The Fed announcement is being summarized as a “hawkish pause”. As a result, both stocks and bonds have taken a bit of a hit. By no means was it an extreme market event, but it definitely came out slightly more aggressive than the markets had hoped. So, what is a hawkish pause? Below are some updates on the topics I presented earlier that help outline that.
- The fed walked a fine line here by touting their rate hikes, the small victories up to this point on inflation starting to pull back, while simultaneously raising their core inflation expectations for 2023. AKA, they are slightly more pessimistic about their timeline for beating inflation, while still confident that the job will eventually get done
- At one point Powell said rate cuts could take “years”, which while very open-ended, continues to reinforce that the market should tread with caution on any rate cut assumptions happening sooner than later.
The rate hike
- As expected the Fed did not hike rates today. No surprises here.
The Dot Plot
- This is where the real fireworks took place. The updated projections from the Fed imply that there are now TWO rate hikes expected to take place this year. With a few Fed members actually leaning towards three.
- While the market initially sold off pretty hard, Fed Chair Powell minimized some of those losses by stating that future rate hike decisions were still “live”. In other words, they have not already decided to hike rates in July. Sure it is their expectation, but they will assess the merits of that rate hike when the July meeting comes around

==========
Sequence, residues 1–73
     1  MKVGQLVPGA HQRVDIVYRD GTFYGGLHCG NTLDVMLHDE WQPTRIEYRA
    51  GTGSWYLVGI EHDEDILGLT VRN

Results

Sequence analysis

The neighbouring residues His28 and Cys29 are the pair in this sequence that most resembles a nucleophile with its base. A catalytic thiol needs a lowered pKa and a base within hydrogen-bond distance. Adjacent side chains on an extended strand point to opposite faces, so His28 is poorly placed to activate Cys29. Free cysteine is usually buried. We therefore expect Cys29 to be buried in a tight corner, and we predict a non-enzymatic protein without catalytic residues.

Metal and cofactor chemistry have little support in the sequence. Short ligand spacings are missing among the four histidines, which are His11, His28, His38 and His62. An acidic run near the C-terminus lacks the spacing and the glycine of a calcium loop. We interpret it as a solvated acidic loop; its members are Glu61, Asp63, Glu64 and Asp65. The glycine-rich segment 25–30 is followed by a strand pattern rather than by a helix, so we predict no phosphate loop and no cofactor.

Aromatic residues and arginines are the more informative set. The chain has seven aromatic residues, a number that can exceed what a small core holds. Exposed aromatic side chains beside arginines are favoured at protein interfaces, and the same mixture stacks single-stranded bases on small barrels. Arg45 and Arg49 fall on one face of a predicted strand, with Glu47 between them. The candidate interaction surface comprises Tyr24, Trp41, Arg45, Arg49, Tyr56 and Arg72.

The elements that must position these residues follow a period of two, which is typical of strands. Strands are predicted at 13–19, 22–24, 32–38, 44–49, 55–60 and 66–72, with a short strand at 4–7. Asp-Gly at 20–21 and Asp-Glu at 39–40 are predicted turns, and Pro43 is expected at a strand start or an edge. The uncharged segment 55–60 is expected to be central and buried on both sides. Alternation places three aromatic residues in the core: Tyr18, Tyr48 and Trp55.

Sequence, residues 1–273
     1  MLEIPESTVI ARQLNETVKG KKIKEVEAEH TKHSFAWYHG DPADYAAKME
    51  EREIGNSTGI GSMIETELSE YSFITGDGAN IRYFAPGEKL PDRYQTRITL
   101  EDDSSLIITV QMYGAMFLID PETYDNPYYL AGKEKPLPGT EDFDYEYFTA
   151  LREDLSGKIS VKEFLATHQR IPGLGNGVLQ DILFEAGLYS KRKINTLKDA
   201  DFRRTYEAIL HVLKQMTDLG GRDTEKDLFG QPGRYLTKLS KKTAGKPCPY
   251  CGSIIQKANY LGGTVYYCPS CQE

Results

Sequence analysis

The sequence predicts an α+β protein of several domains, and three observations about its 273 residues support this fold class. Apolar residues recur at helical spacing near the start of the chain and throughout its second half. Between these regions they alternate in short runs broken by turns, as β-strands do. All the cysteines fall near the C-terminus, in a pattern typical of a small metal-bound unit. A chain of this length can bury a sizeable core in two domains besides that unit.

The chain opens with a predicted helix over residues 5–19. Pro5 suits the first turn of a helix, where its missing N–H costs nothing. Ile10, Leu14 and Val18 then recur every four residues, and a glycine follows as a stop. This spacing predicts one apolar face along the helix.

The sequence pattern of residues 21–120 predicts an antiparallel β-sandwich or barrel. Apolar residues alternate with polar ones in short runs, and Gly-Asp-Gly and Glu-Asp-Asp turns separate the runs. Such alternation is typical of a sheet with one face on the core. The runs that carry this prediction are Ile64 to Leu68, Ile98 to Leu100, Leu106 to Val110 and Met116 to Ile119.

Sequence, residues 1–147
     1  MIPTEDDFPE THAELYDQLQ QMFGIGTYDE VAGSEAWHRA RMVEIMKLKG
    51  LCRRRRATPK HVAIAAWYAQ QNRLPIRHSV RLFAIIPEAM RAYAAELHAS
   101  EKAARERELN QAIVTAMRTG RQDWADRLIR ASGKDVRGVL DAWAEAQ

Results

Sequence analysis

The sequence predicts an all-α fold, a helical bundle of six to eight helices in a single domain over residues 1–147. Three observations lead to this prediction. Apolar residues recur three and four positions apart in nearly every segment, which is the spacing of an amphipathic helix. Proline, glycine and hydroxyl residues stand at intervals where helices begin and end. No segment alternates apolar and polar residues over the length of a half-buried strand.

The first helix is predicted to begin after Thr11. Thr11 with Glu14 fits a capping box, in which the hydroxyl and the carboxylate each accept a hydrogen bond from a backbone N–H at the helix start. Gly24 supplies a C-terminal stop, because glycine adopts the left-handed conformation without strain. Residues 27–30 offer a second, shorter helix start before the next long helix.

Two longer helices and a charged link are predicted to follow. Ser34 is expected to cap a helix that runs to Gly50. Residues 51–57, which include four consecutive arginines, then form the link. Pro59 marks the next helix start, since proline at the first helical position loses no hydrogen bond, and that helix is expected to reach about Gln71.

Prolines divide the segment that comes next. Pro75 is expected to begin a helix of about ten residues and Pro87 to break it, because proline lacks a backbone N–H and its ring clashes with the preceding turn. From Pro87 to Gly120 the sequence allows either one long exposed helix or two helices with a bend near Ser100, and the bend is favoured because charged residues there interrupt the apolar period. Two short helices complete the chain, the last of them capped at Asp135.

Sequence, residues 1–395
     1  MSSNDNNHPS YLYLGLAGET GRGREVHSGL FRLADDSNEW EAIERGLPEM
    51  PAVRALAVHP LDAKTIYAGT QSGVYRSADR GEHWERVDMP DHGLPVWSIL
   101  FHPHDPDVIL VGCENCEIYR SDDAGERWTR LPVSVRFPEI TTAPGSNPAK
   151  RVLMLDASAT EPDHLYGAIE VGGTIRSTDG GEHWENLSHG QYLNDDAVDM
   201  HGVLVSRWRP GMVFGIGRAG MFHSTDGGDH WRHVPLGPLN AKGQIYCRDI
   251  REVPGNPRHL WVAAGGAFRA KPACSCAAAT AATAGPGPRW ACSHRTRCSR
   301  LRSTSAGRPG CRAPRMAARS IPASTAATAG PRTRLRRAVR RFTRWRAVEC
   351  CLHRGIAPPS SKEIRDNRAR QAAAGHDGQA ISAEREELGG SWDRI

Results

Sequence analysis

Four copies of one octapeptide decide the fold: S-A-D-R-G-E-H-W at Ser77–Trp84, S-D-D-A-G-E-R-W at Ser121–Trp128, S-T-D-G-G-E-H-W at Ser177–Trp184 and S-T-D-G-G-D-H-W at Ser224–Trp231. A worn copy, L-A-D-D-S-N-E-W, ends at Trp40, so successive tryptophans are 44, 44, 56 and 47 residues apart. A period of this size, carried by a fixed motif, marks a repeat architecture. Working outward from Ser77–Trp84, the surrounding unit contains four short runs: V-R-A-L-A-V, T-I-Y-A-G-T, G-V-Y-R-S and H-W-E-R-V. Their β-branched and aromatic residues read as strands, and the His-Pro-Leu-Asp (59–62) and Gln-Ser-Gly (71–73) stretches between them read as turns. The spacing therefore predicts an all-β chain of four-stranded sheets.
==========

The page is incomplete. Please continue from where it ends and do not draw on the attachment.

- (it’s like that little sliver of hope the market holds on to that perhaps economic data between now and then changes the Fed’s mind. Unlikely, but you never know…..)
Employment (and Economy overall)
- The Fed gave some muted encouragement that it was seeing unemployment move in the right direction (going higher), while overall stating their objectives remained the same. They very much stated that future employment data would be key to future rate hike decisions, further reinforcing their wage inflation concerns within the overall inflation battle. In other words, they think the economy can still withstand more rate hikes because overall employment is still very strong.
I would not say that the overall expectations on the direction of rates have materially changed. One rate hike, two rate hikes, whatever it ends up being it is still assumed that we are almost finished with the hike phase of the overall “hike, pause, cut” journey that is in front of us in the coming years. While this does suggest rates might take longer to drive downward, it will likely take several more months of data for our industry to understand where that final hike (and the inevitable rate cut conversation) shakes out.
( Disclaimer: This is not direct advice or financial advice for clients, just an opinion.)
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